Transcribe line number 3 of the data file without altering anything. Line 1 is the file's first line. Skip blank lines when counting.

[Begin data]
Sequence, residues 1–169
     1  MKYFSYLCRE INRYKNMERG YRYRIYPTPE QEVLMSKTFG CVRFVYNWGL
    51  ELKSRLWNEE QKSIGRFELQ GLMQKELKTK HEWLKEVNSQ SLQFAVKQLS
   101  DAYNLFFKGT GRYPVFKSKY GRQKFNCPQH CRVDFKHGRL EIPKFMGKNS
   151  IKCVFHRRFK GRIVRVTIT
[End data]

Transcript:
    51  ELKSRLWNEE QKSIGRFELQ GLMQKELKTK HEWLKEVNSQ SLQFAVKQLS